Is it possible that reading in huge quantities can make really good books seem just okay? I feel like when we read a ton it just raises our expectations. Or shifts them. I read so many really great books, because I have a good idea of what I like, but very few books that blow my mind. I think I even have the math to prove this! My handy dandy reading tracker says my average rating for the 30 books I’ve read so far this year is a 3.79. Only two of them were 5’s.
So, what’s the solution? Is this just what happens if we keep raising the bar for the books we read? Do we need to be more ruthless, or is this just bound to happen?
Oh Shannon, what a difficult, terrible question! I do think that the more I read the more critical I become and the more difficult it is to totally blow me away. I think that this is a side effect of wading through so many books. There is no good answer, because I’m still going to read as much as I possibly can.
It’s just bound to happen.
I think it’s almost bound to happen as well. When you read in great quantity you’re more likely to read that one book that will ruin all others. (Ahem…A Little Life.) I’ve read 31 books so far this year. I’ve marked 5 of them as 5 star reads. I could probably adjust at least 2 of those. (Which is why I rarely rate books, I end up changing my mind after a little reflection.)
This must be where “the art of writing” comes in. Even with lighter books that I pick up purely for entertainment value, I have expectations. I think those expectations and standards are different with genre fiction than they would be with, say, literary fiction or classics. Not better or worse, just different.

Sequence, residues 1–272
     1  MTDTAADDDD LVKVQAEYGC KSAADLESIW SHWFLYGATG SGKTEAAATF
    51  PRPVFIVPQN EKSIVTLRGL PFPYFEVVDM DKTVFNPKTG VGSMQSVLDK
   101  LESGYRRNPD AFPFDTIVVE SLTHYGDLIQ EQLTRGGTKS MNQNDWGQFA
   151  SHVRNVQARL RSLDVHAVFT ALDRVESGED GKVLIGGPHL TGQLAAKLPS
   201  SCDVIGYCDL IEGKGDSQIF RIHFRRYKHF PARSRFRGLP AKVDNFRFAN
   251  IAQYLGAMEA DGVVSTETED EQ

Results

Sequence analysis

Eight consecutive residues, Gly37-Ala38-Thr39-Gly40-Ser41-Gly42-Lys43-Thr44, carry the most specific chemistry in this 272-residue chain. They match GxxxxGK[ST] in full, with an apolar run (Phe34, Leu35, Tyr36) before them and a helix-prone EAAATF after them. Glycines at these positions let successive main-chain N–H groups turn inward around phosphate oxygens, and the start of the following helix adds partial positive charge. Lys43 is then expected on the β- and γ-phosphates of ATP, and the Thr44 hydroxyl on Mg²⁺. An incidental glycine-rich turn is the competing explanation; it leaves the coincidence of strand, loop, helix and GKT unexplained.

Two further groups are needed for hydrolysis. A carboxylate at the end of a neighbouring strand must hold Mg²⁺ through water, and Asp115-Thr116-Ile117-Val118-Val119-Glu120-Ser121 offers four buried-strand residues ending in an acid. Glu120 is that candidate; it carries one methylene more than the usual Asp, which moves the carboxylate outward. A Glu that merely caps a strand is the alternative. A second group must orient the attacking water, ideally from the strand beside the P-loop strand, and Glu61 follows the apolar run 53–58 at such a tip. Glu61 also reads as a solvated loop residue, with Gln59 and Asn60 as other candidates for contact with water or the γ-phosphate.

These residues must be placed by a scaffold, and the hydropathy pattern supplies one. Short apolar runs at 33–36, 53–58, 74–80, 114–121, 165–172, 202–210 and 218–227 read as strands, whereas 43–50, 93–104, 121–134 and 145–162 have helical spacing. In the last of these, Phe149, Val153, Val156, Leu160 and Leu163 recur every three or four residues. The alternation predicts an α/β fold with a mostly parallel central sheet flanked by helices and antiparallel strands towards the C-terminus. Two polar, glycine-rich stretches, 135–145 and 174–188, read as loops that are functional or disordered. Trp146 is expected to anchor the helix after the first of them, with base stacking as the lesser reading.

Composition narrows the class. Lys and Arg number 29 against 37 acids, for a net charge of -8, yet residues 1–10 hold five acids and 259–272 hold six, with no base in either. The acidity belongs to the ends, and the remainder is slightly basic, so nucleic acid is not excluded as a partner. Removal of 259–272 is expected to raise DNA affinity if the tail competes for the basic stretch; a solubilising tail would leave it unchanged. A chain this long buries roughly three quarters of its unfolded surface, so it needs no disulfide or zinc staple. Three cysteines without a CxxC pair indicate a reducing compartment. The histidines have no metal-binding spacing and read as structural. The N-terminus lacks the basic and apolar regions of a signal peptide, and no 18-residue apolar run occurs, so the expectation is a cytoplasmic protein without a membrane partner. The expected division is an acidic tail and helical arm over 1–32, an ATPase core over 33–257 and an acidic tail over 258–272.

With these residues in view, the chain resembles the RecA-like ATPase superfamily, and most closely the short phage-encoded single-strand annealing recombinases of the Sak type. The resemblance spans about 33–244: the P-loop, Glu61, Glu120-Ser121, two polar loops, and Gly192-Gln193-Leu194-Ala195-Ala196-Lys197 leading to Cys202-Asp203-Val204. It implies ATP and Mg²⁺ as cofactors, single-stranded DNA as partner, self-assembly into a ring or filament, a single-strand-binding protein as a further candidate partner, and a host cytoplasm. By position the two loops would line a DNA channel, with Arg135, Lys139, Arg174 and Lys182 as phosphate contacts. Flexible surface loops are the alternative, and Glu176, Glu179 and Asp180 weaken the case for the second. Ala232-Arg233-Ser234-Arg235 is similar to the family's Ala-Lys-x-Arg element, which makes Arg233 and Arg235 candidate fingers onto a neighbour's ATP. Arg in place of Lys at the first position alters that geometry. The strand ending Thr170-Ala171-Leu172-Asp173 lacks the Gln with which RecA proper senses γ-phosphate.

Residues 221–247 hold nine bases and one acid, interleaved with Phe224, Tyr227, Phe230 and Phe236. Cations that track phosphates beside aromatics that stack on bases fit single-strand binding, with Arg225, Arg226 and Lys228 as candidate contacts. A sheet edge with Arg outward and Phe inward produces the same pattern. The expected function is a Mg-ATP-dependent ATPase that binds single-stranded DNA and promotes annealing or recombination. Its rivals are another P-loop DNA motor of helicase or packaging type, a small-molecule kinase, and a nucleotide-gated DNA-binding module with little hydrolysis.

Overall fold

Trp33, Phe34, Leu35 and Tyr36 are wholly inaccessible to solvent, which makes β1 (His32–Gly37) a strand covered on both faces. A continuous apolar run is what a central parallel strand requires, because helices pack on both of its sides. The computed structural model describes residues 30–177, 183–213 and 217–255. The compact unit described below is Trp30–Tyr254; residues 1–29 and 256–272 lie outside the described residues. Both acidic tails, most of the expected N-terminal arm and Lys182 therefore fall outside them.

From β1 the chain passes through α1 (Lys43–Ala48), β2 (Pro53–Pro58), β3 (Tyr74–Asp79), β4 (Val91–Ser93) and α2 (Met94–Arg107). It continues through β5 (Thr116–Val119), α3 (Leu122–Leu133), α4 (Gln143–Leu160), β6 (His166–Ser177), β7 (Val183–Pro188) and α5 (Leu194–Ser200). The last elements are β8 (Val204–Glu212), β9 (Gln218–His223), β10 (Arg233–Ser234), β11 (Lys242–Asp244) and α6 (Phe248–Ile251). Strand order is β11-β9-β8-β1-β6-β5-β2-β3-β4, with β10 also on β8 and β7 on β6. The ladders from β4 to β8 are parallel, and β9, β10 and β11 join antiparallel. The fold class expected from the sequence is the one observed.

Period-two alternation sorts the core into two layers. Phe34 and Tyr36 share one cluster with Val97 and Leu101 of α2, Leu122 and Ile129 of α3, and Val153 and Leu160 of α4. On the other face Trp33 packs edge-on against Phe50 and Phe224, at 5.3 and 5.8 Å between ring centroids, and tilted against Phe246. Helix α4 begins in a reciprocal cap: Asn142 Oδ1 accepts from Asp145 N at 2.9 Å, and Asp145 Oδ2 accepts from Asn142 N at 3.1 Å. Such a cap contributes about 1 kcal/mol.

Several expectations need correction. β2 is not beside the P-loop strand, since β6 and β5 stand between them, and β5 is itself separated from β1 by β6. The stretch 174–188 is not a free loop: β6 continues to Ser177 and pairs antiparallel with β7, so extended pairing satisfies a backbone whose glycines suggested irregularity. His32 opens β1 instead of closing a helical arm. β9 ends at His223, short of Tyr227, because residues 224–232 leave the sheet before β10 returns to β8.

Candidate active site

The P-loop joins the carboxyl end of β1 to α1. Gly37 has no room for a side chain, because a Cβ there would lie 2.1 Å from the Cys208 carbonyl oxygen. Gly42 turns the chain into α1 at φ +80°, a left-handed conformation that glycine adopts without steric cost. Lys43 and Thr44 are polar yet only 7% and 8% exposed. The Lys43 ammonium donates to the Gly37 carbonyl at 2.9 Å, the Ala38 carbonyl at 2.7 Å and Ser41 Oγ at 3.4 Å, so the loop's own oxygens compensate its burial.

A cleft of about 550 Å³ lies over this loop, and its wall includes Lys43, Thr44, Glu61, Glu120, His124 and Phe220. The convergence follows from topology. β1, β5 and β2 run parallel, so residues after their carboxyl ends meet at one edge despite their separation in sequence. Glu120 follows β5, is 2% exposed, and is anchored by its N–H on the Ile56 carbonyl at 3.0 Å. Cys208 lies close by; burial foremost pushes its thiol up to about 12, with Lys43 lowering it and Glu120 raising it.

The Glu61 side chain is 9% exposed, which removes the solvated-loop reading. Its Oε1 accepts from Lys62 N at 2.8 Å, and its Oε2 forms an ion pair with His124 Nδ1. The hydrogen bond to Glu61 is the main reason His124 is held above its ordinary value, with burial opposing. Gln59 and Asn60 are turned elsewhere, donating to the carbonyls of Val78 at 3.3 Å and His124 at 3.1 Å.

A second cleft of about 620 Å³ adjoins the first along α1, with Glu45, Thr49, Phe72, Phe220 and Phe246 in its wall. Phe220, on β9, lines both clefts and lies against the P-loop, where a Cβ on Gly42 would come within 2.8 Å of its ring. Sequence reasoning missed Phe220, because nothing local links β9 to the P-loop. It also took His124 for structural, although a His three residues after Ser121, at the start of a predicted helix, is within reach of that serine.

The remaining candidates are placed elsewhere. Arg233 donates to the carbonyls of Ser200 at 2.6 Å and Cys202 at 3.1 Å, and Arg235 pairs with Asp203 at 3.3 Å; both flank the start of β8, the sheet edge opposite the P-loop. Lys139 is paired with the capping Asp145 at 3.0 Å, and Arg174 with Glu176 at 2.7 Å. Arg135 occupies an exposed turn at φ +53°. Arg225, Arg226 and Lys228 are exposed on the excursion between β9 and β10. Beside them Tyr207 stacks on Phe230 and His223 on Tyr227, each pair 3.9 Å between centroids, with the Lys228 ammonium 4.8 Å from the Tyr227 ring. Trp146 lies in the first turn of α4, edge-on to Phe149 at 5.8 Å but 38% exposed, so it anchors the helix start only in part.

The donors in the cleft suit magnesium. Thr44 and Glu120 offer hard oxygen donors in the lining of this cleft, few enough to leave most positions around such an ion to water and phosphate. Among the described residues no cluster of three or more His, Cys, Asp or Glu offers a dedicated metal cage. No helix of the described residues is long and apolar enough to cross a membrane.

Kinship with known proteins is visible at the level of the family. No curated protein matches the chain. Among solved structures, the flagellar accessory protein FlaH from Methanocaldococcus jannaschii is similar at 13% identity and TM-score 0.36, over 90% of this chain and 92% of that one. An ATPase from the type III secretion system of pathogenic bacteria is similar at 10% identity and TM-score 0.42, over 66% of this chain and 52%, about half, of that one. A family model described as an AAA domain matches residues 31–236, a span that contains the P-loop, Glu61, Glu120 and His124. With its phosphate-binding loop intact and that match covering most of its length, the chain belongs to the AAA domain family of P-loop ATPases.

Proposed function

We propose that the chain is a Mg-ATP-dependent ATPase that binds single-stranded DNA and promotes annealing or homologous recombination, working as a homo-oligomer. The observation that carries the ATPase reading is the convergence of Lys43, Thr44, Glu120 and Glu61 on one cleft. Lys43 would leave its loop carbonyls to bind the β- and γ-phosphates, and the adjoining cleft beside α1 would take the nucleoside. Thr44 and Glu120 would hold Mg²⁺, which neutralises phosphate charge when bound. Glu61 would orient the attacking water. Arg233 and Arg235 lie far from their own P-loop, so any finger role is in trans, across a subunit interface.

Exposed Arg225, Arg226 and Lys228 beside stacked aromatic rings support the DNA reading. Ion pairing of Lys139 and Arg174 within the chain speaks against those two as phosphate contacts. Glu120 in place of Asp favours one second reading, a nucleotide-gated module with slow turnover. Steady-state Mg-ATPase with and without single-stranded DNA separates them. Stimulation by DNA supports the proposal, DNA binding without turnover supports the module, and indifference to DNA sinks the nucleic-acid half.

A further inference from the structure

I’m thinking more about the “do I need to be more ruthless?” question. It’s probably worth keeping in mind that when you read so much so often, you get very, very good at spotting books you’ll enjoy and choosing according to your current mood. That’s probably going to push more of your ratings toward the higher end. Also, although what we read ends up influencing our expectations, it’s ultimately not a competition. Books are individuals.
I’m not sure if I think it’s us or the books this year. I think, with the exception of a few outstanding books, it’s been a very slow year for great reading. Out of 34 books so far I’ve only had three 5 stars. Of course, stars are a whole other subject because I don’t necessarily like how Goodreads defines them.
Stars aside I do get the feeling sometimes, as I’m reading, that before I started reading for review I probably would have been all right with this book but now? No. I never used to DNF books and now I do. I may not be getting paid to write reviews, but my time is valuable to me. In that way, I am more ruthless and I probably expect more from authors. Even with light reading, if the writing is bad I won’t stick with it. I know chick lit is a term some people dislike but for me it’s not pejorative and I expect my chick lit to be good!
I’m a fan of being ruthless. Years ago I’d finish everything. Now, I know better. I don’t have time for books that don’t work for me. I feel like I give everything a fair shake but I won’t stick around if I feel myself rolling my eyes more than once or if I cringe at a terrible turn of phrase. So yeah, my bar has been raised. As Monika mentioned, I’ve gotten better at knowing what works for me. I think that’s a good thing.
I think Monika’s idea of treating books as individuals is an important one, which is why I don’t use star ratings on my blog and really only keep star ratings on my spreadsheet (for data!). Maybe I end up comparing my reading experiences? It can be hard to follow up a really amazing book with a…great book. Even if they’re completely different, incomparable titles the amazing reading experience will always feel like the “winner”.
So, readers, is this something you’ve encountered? Have you raised the bar so high that almost nothing comes close to meeting your expectations? Does it feel like a problem to you or is it something you expect to deal with?